As part of the Optimal Health 3 and 3 program, fruits are included in the meal plans.

The table below shows you the list of fruits and serving sizes.

FruitOne serving size
Fresh whole fruit (apple, pear, orange)1 small (4 oz.)
Chopped fresh fruit1/2 cup
Canned fruit (no sugar added)1/2 cup
100% fruit juice1/2 cup (4 oz.)
Dried fruit2 Tbsp
Tangerines or plums2 small
Grapes17 small
Berries3/4 cup
Goji berries (dried, unsweetened)1 oz.
Melon (cantaloupe, honeydew, watermelon)1 cup cubed
Banana1/2 large (4 oz.)

How to apply

  • Choose fruits with the whole form and skin on them for extra fiber.
  • Incorporate fruit into snacks or desserts rather than sides or appetizers.
  • Avoid canned fruits with syrup. Instead, choose the ones with water.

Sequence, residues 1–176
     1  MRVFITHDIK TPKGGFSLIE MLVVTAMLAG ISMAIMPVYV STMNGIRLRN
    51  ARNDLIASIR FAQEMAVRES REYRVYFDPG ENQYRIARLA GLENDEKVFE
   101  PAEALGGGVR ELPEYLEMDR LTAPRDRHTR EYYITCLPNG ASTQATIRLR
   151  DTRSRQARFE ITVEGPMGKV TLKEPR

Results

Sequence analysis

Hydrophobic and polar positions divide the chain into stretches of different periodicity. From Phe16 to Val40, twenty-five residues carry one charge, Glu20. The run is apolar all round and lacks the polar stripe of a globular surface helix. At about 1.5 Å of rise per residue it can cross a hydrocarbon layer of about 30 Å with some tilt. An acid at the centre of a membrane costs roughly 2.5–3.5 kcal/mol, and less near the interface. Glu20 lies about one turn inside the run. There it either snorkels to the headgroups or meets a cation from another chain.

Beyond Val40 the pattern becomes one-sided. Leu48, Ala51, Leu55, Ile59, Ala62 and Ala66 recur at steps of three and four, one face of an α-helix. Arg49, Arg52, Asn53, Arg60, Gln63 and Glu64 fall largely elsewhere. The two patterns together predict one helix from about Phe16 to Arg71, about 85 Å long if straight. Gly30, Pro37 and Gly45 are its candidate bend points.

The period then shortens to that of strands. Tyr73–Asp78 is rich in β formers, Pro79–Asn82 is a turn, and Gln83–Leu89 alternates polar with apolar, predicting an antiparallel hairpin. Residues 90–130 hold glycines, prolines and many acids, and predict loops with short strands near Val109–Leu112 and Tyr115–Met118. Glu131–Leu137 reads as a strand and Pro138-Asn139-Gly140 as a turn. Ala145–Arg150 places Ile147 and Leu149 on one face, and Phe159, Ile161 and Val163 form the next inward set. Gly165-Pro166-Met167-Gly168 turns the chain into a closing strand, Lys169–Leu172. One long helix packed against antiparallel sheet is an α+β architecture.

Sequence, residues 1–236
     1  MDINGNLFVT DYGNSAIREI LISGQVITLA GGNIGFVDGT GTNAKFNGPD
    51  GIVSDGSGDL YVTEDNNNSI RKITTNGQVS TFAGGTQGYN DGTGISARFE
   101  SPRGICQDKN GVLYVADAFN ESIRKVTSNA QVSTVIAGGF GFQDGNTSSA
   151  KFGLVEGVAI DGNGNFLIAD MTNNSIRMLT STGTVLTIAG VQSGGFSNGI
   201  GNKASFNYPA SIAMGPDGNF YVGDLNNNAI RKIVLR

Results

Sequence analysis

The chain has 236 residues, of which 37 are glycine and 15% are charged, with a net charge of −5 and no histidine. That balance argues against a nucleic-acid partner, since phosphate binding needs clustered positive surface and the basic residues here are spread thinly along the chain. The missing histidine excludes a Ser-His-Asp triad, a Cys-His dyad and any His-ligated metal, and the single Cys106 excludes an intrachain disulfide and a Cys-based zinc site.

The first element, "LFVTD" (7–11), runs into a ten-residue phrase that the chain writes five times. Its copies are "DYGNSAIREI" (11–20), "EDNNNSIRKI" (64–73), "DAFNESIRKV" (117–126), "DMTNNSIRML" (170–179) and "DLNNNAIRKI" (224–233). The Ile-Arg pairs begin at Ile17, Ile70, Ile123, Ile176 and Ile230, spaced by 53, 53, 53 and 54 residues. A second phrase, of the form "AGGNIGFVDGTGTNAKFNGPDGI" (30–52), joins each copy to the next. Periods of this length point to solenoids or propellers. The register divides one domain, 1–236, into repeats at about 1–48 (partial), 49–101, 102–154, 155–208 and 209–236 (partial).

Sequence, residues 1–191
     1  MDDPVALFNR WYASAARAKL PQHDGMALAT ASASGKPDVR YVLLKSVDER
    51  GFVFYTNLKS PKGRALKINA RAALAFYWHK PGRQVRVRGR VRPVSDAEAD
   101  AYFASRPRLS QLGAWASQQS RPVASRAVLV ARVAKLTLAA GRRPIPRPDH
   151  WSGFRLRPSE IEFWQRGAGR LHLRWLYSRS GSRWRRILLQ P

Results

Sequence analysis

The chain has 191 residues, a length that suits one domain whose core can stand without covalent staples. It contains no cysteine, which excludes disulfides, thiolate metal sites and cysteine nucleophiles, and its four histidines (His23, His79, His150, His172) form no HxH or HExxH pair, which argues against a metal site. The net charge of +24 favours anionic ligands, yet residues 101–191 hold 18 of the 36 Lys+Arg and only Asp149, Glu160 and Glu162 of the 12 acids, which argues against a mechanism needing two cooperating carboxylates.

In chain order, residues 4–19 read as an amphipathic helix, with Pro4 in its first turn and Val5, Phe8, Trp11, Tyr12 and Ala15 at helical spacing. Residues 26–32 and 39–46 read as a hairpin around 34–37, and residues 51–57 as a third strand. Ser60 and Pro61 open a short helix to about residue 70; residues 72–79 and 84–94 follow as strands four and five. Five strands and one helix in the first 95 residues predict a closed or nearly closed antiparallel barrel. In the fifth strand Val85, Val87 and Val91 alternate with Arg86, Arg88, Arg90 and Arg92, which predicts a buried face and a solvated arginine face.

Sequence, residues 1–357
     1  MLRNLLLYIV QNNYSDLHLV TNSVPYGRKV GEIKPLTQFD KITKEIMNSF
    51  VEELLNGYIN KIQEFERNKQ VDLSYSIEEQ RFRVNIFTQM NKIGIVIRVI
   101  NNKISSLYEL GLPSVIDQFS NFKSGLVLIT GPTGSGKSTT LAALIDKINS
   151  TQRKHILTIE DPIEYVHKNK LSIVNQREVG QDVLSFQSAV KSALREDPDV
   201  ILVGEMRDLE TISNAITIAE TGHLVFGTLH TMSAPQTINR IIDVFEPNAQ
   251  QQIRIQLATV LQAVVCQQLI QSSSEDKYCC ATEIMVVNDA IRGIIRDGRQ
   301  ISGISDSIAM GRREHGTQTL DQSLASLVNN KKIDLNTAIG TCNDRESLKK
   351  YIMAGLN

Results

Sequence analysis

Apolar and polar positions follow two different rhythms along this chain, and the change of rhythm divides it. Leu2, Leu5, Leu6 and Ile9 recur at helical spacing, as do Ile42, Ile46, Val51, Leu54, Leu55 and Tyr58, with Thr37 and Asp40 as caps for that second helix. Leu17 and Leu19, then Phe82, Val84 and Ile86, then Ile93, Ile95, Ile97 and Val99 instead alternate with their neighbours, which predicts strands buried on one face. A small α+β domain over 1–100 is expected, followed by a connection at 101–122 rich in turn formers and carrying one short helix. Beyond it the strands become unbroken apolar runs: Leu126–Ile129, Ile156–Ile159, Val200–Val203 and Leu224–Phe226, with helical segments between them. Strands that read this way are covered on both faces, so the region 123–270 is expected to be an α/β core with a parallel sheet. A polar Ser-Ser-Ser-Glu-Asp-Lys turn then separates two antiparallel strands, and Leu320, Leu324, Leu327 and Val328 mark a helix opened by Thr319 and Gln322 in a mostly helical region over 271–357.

• Limit dried fruits and choose fresh and raw instead.
  • To reduce extra calories, skip the fruit juices and eat whole fruits.


The Optavia 5&1 plan helps facilitate weight loss by limiting the number of calories one takes in every day, but it does not allow for any traditional dairy products.

Cottage cheese and certain cheeses are allowed to be used as snacks or condiments, but a full serving of most types of dairy is off the menu.

In Optavia 3 and 3 plan, you can include the list of diary food list (and serving sizes) provided in the table below.

DairyOne serving size
Fat-free or low-fat milk1 cup (8 oz.)
Milk substitute (soy, rice, almond, cashew)1 cup (8 oz.)
Evaporated milk3/4 cup (4 oz.)
Nonfat or low-fat yogurt (including Greek)3/4 cup (6 oz.)
Kefir1 cup (8 oz.)

How to apply

  • To further reduce calories, forget about sweetened yogurts with sugar. Instead, choose plain or no-sugar-added options.
  • Skip sugar-sweetened kefirs and milk and opt for unsweetened options.
  • Choose low-fat milk instead of full-fat milk.
  • It’s better to use Greek yogurt or cottage cheese instead of mayonnaise or sour cream.